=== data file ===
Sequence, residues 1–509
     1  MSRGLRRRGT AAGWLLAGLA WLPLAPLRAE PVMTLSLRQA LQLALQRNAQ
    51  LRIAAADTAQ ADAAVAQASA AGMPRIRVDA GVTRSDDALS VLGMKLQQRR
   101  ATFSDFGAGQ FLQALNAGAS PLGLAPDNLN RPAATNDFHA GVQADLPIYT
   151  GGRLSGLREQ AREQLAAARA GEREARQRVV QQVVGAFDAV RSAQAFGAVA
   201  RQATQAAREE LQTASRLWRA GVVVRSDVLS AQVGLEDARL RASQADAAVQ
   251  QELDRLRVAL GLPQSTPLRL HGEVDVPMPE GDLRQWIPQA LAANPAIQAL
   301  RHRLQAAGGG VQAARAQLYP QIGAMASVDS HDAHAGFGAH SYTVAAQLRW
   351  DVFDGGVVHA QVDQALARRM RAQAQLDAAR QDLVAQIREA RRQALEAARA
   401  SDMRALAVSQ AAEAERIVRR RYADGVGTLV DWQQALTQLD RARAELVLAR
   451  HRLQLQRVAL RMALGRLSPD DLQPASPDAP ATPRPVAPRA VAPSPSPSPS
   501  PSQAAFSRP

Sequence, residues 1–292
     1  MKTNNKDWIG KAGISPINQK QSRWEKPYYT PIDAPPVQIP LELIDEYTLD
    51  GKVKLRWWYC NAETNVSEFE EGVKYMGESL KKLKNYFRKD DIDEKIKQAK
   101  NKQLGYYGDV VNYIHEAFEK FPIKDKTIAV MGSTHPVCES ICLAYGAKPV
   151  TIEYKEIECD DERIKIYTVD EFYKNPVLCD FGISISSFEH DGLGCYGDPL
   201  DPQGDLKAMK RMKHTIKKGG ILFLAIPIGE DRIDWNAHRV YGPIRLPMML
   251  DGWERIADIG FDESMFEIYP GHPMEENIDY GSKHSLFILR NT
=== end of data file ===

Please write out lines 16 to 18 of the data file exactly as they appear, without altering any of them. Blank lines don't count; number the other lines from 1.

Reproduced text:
   101  NKQLGYYGDV VNYIHEAFEK FPIKDKTIAV MGSTHPVCES ICLAYGAKPV
   151  TIEYKEIECD DERIKIYTVD EFYKNPVLCD FGISISSFEH DGLGCYGDPL
   201  DPQGDLKAMK RMKHTIKKGG ILFLAIPIGE DRIDWNAHRV YGPIRLPMML